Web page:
Governor Doyle Right to call proposed changes to Joint and Several “Good Public Policy”
Yesterday Governor Doyle reaffirmed his commitment to changes in the Joint and Several Liability provisions in the Budget, which would help prevent innocent injured parties from being stuck with the bill for their damages when one of the wrongdoers can’t pay.
Doyle explained that he understands that this issue is complicated, but countered theoretical examples being used by some business organizations to try to remove the item from the budget with his own example of why the law makes sense.
Doyle used an example of an injured person, totally innocent and two entities were substantially responsible for the injury. A jury or judge has found one entity 40% responsible and the other 60% responsible. Assuming that the 60% responsible person is now broke or didn’t have insurance, current Wisconsin law says that innocent harmed person is out 60% of what their loss was. Doyle said, “I understand that this is a complicated issue, and I understand that there are arguments to be made on both sides, but in the end you are coming down to deciding, should the innocent person suffer that loss or should the 40% person suffer the loss, who has insurance, and who has been found to be substantially responsible for the person’s injury?”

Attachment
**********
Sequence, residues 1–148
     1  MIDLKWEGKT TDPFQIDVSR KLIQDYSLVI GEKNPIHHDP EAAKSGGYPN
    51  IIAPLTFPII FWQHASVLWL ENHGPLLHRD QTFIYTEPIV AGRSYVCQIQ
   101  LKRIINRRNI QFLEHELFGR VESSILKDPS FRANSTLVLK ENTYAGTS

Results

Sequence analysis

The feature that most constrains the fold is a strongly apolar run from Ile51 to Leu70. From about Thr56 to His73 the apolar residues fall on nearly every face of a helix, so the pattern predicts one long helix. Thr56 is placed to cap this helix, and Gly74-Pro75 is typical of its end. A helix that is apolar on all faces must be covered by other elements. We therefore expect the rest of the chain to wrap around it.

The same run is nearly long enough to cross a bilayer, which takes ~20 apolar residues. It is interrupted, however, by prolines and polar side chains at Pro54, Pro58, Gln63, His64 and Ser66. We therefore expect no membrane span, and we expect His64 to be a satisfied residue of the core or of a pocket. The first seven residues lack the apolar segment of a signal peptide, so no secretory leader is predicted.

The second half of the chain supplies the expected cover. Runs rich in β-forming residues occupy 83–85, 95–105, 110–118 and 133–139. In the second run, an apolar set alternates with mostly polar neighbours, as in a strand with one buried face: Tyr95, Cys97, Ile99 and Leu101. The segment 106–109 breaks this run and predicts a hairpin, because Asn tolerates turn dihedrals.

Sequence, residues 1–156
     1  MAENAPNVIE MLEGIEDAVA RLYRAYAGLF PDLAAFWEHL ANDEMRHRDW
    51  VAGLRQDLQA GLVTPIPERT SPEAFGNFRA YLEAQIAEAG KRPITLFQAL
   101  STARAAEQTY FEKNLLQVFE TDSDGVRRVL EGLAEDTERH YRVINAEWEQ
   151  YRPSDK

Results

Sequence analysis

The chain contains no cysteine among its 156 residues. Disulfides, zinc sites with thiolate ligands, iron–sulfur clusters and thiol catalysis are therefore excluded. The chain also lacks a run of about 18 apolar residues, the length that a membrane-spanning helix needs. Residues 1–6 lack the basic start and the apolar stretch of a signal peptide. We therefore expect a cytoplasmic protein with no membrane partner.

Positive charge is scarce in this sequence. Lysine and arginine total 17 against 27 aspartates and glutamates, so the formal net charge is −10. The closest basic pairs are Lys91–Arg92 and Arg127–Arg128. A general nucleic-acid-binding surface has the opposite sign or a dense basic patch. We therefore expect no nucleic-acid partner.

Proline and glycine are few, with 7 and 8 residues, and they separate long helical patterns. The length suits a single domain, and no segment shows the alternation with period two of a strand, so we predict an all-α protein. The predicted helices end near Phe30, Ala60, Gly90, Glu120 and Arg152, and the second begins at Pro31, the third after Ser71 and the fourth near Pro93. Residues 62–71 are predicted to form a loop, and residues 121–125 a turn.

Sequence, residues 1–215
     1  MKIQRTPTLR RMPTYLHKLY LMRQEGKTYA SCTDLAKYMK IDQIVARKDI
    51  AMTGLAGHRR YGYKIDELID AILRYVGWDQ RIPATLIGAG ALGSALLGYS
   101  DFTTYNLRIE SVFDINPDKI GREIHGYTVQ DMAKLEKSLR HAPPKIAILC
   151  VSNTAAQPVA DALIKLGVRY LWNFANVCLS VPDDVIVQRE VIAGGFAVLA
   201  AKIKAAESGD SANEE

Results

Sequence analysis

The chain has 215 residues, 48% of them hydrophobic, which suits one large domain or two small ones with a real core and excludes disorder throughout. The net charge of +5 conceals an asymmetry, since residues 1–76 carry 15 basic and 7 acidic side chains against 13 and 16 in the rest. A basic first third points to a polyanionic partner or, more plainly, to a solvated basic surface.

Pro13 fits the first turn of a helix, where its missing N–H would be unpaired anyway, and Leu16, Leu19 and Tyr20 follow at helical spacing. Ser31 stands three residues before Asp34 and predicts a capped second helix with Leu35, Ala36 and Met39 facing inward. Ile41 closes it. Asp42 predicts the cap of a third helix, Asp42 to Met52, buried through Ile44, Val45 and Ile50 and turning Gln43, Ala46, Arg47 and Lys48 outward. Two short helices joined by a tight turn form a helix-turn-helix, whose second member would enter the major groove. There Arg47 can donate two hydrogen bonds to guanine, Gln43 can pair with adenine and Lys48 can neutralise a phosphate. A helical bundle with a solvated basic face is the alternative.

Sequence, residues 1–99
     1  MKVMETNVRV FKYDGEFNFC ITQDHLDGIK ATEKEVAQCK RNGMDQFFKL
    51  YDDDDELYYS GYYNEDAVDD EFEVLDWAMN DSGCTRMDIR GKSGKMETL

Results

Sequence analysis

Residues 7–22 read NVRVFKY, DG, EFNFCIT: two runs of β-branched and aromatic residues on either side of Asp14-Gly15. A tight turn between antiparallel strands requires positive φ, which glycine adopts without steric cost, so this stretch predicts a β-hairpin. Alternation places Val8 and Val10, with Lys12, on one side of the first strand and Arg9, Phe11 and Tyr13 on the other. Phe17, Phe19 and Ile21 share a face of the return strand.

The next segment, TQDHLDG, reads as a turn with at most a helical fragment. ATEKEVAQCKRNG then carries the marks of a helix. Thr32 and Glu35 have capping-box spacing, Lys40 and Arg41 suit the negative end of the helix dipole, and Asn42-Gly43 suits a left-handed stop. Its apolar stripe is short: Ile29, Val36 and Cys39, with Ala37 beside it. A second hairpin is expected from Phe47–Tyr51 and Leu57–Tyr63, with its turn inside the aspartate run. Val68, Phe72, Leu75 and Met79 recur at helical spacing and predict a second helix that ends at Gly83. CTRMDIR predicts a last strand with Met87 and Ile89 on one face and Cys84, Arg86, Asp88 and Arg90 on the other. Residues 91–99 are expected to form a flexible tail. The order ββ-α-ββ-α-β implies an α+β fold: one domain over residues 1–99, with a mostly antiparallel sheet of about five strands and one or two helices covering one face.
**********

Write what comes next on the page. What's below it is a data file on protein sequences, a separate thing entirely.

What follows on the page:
“The whole argument gets considerably different when you realize that somebody can be 49% responsible and somebody can be completely innocent and that person loses half of what they are entitled to,” explained Doyle.
“We commend Governor Doyle for continuing to stand with consumers and encourage the legislature to follow his lead on this important consumer protection issue,” said Wisconsin Association for Justice President Mark Thomsen.